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Blu-ray Review

DVD cover

City Hunter (1993)
(2018 Restoration)


Starring: Jackie Chan, Joey Wong, Kumiko Goto, Chingmy Yau, Carol Wan and Leon Lai
Distributor: Eureka Entertainment
RRP: £19.99


Certificate: 12
Release Date: 24 September 2018

City Hunter (1993. 1 hr 39 min 27 sec) is an action comedy, directed by Jing Wong and starring Jackie Chan. The film is based on an original manga, which spawned a whole franchise of films, anime and television programs. The basic premise is that Ryo Saeba is the titular City Hunter, a private detective who spends as much time behaving lecherously towards women as he does solving crimes.

The plot sees Ryo inherit a young girl, Kaori Makimura (Joey Wang) who grows up not only to be beautiful, but also to be infatuated with Ryo, although he spends much of his time dreaming of being surrounded by women in a swimming pool. The two are called in to see a Japanese publishing magnate and charged to find his missing daughter. Ryo nearly catches her, but she slips away and joins a cruise ship full of wealthy people.

Having gained access to the ship, Ryo quickly discovers that there are terrorists aboard who intend to hijack the ship and steal all the money.

The idea behind the film was to translate the manga/anime aesthetic into a live action film. The colour palette chosen is predominantly primary, although the overall effect does give the movie a very vibrant look.

Manga and animes can often be very over the top, some are very sexualised. Chan’s portrayal reflects both of these elements, but not successfully. It is difficult to forget that you are watching Chan and the exaggerated facial expressions can only vaguely approximate those found in the original.

The objectification of the female actors is likely to be more problematic in these changing times. The offence is no greater than your average Carry On film, with a similar level of teenage puerility. Some of it may have come from the original material, as I wasn’t too sure why he would stare at a woman’s breasts, arms and legs and see burgers and chicken wings. This may have been a forewarning of his eventual predicament when he spends much of the latter half of the film complaining of being hungry.

The fight sequences are well choreographed. Played for laughs, there is one long extended Street Fighter match with the combatants changing into characters from the game.

The disc boats a 1080p 2K restoration. However, there is the occasional odd thing which happens when the quality of the film drops dramatically, making it look as though some action sequences have been spliced back into the film from poorer quality stock.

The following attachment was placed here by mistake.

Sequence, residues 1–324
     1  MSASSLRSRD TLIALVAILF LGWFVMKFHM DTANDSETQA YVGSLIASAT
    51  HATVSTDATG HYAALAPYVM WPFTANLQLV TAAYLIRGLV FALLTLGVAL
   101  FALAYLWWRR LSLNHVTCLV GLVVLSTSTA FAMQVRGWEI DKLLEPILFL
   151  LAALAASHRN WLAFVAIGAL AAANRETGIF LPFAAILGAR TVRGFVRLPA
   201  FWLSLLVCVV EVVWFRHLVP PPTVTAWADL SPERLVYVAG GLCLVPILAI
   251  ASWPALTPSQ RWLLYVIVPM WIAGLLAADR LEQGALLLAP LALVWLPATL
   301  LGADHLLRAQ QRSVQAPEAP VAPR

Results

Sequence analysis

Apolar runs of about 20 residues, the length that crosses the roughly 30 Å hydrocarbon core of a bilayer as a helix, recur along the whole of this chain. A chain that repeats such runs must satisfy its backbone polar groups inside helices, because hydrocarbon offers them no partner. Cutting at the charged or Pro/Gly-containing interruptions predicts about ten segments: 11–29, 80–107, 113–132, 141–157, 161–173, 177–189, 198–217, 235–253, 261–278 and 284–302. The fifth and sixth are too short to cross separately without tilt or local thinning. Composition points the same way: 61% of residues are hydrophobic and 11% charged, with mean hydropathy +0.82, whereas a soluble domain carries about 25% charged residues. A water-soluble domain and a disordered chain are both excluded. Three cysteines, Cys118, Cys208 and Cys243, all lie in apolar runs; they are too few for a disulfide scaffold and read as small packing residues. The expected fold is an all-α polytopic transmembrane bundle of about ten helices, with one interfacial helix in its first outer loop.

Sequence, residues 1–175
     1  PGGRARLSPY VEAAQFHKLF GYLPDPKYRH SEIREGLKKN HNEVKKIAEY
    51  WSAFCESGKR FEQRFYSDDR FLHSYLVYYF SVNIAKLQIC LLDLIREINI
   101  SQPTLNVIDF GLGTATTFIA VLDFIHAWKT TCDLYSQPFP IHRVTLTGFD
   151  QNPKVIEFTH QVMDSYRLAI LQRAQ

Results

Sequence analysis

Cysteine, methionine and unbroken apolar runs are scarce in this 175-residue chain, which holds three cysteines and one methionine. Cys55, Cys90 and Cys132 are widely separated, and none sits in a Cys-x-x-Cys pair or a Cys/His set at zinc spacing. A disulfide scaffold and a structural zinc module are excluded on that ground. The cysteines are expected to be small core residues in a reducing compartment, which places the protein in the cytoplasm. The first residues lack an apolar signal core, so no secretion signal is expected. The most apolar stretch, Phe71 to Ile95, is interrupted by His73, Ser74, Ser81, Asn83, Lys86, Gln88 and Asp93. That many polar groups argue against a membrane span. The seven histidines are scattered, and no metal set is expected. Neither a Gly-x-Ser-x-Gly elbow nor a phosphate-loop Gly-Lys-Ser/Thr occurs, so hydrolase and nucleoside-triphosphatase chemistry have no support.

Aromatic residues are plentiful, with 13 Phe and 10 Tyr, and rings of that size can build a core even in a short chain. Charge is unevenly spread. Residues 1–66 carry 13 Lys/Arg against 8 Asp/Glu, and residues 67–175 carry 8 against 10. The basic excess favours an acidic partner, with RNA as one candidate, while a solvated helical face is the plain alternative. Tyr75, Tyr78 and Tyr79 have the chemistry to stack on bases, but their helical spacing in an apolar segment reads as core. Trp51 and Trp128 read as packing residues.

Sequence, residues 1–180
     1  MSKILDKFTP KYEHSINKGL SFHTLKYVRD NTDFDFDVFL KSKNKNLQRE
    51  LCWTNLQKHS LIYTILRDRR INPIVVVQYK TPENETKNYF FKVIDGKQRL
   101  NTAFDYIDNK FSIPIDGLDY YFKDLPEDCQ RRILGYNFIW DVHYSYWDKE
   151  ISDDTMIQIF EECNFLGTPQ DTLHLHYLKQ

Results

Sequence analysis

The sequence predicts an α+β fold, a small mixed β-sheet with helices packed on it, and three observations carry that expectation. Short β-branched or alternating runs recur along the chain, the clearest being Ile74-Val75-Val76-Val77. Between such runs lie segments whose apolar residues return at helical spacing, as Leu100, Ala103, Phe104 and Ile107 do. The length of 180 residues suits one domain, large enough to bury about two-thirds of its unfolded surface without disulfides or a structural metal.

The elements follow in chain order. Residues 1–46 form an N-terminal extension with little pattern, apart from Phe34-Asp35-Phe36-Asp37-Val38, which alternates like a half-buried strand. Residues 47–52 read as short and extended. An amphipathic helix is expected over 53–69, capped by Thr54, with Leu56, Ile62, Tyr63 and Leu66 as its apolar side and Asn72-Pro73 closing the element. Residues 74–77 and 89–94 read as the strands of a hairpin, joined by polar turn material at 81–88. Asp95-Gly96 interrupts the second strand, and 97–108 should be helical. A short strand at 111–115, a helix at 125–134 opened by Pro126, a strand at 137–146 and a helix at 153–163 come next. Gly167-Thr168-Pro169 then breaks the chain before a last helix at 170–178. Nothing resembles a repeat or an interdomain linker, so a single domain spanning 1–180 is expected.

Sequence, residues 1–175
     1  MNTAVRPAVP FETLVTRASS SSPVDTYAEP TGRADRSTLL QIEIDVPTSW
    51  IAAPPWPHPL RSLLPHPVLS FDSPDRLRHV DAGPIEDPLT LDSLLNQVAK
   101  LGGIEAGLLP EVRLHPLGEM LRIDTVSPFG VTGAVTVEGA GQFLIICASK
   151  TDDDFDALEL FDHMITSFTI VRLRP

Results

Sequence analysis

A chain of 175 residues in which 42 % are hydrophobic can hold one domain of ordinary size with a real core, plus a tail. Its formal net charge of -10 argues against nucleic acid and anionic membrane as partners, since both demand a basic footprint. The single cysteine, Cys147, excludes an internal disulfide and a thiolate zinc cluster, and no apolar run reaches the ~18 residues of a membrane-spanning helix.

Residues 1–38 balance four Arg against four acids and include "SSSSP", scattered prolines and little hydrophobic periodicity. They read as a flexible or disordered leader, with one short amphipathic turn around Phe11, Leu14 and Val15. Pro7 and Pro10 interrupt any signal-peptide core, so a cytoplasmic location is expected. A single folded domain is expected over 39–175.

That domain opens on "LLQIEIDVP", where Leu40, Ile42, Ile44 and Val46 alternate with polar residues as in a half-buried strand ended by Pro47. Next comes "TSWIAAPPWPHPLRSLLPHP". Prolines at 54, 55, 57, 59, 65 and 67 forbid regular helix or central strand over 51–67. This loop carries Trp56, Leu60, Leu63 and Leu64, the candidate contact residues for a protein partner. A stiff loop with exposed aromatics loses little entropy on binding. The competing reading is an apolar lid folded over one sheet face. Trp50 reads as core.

The Blu-ray arrives with a number of extras. First up you get Interviews, two with Chan (English. 10 min, 06 sec) talking about the difficulties of translating a cartoon character into a live action film and (English. 3 min, 39 sec) where he talks about the fighting style of the film. Wong Jing, the director (English. 7 min, 13 sec) talks about his approach to the film. Stunt man, Rocky Lai (Cantonese. 10 min, 58 sec) talks about how he got into the business and his memories of the film. Richard Norton, martial artist (15 min, 16 sec) recounts his memories of the film as does Gary Daniels (29 min, 50 sec), both of who play roles in the film.

You get the Outtakes Musical Video (2 min, 35 sec), an interesting idea to sting the pratfalls to a musical track. If that were not enough, you also get an Outtakes Montage (4 min, 38 sec), a different name, but the same principle as the first outtake extra. Penultimately, there is the Japanese Ending Credits (3 min, 36 sec) and lastly, there are a few trailers and TV spots.

There are various audio options, Cantonese 5.1, stereo and mono, English 5.1 as well as an alternative audio dub. For subtitles you get English and English with Gala Gala Happy, this only effects one sequence in the film, which is best played without it.

Normally I don’t bother much with subtitle tracks, but it’s well worth turning them on for this film. While the English dub is acceptable the subtitles look like they have been written by someone who knows neither Cantonese nor English and are therefore unintentionally very funny.

Overall, it has the same silly level of humour as Super Mario Bros (1993), an equally poor adaptation which came out in the same year. It’s not the best adaptation of a manga/anime, nor is it Chan’s best work.


Charles Packer

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